FX13 Gonkulator Modulator
Both cosmetic variants of the FX13, from early (left) and late 1996
The FX13 Gonkulator was a ring modulator designed for use with electric guitar. Its circuit combines DOD's Grunge distortion in parallel with a ring modulator (center frequency = 500 Hz). It is well-known as the effect heard in the song "Glass" by Incubus, and for having perhaps the least-intuitive control names of any DOD effects pedal. Two cosmetic variants were made, with the second (more rare?) version featuring the "real" control names above the knobs. The FX13 Gonkulator debuted at Winter NAMM 1996, but only remained in production until about 1997. Because of its limited production and subsequent popularity among noise artists, the FX13 now routinely sells for over $100 in the used marketplace.
- Controls: Suck (distortion output level), Smear (ring modulator output level), Gunk (distortion gain), Heave (overall output level)
- From the manual: "The FX13 Gonkulator/Modulator is a ring modulator and distortion effect in one. The ring modulation or "SMEAR" adds gonk-like tones to your guitar's sound. With the SUCK and SMEAR knobs you can create a multitude of bizarre distortion sounds that will not only enhance your solos, but will keep the audiences wondering." (image of manual and box)
- Sample settings (scanned from the user manual)
- Historical context: According to its manual, the FX13 was inspired by a local (Salt Lake City) band called Dale and the Deadheads, who were featured on Dr. Demento's radio show. The designer of the FX13, DOD engineer Jason Lamb, was a punk rock guitarist who also designed the FX69 and FX76. In the broader context, the New York alternative/noise band Sonic Youth had headlined the 1995 Lollapalooza festival the previous year, and a ring modulator featured prominently in their song "The Diamond Sea" (from their album Washing Machine, released in September 1995). While the FX13 cannot be used to emulate "The Diamond Sea," so-called "alternative" rock was arguably at its peak, and perhaps the FX13 was green-lighted in that context. Unbeknownst to DOD, the "alternative nation" was soon to decline, followed by the ascension of so-called "nu metal", and the FX13 became the first of the "final series" of DOD pedals to be discontinued.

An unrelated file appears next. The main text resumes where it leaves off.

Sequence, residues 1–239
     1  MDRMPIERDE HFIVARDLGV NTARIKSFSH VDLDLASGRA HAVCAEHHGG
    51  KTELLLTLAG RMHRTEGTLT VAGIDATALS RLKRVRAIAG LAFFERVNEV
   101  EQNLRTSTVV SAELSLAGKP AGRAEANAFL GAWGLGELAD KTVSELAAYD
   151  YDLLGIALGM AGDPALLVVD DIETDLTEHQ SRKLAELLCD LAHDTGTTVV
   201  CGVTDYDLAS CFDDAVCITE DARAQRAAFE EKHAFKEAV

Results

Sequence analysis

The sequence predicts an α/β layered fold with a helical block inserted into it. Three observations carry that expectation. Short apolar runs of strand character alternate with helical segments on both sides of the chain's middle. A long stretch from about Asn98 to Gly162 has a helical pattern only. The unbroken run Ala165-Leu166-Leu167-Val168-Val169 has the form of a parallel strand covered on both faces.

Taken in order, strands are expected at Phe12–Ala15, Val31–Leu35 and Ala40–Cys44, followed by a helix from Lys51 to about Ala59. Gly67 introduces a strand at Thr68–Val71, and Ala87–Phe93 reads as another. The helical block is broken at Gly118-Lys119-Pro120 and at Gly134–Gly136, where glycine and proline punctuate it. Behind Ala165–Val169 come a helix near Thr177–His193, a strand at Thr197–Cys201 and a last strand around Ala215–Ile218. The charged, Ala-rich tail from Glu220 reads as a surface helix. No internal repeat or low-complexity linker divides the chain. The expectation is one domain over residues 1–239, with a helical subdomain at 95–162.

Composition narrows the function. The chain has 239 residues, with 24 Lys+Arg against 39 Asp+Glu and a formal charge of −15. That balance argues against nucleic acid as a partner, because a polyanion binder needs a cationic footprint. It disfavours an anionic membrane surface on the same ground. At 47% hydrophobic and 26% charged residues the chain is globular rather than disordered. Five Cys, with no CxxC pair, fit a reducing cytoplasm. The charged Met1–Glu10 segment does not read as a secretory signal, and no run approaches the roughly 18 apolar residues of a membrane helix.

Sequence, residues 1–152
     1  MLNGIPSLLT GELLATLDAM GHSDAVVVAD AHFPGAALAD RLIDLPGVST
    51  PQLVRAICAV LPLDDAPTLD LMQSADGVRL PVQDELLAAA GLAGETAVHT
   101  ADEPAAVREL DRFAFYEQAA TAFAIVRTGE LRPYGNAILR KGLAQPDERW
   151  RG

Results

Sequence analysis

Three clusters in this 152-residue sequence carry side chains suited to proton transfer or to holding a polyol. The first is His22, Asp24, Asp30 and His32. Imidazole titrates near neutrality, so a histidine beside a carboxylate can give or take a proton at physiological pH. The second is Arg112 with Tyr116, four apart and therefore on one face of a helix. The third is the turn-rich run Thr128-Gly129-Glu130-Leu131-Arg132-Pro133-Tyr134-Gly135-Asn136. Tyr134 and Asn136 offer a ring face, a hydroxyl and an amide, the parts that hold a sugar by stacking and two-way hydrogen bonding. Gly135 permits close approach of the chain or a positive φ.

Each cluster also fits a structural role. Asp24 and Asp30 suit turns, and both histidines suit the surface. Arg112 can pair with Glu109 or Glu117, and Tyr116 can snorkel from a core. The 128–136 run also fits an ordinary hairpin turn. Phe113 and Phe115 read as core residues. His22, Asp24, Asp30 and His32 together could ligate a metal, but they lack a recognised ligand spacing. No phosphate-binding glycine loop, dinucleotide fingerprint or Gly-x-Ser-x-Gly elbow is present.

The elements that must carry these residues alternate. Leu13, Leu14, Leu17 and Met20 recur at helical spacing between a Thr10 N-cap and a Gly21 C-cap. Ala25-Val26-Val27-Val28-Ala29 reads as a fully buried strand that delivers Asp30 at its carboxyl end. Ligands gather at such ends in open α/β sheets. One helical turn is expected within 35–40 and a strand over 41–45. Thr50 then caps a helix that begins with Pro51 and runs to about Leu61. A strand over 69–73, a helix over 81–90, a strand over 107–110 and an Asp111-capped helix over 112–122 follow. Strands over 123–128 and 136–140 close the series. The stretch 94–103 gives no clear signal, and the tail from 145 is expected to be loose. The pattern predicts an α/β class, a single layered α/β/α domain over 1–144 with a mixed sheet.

- "Gonculator"? The word "gonculator" was first coined in an episode of Hogan's Heroes ("Klink vs. the Gonculator", 1968) as a the name of a fake electronic device used by Col. Hogan and his fellow POWs to fool Col. Wilhelm Klink, the commandant of Stalag 13. Over the next few decades, the word was adopted by computer geek-types as jargon to denote their least favorite piece of hardware, and its spelling changed to "gonkulator". It is unclear exactly when the modern definition of "gonkulator" came into being, relative to the introduction of the FX13. However, given the FX13's overall sonic obnoxiousness and the names DOD's employees gave to the FX13's controls, we cannot argue with such a pithy defintion.
- Technical info:
- Notable IC chips: MC1496P balanced modulator/demodulator chip, three 4558-type op-amps
- Trim pots: one (possibly controlling the center frequency?), but we do not recommend messing with trim pots
- Component-side circuitboard images: April 1996 Oct. 1996
- Related circuit: FX69 (loosely based)
- External links:
- @ DigiTech.com
- @ discofreq's FX site
- @ harmonycentral.com (via archive.org)
- @ harmony-central.com (via archive.org)
- @ noiseguide.com
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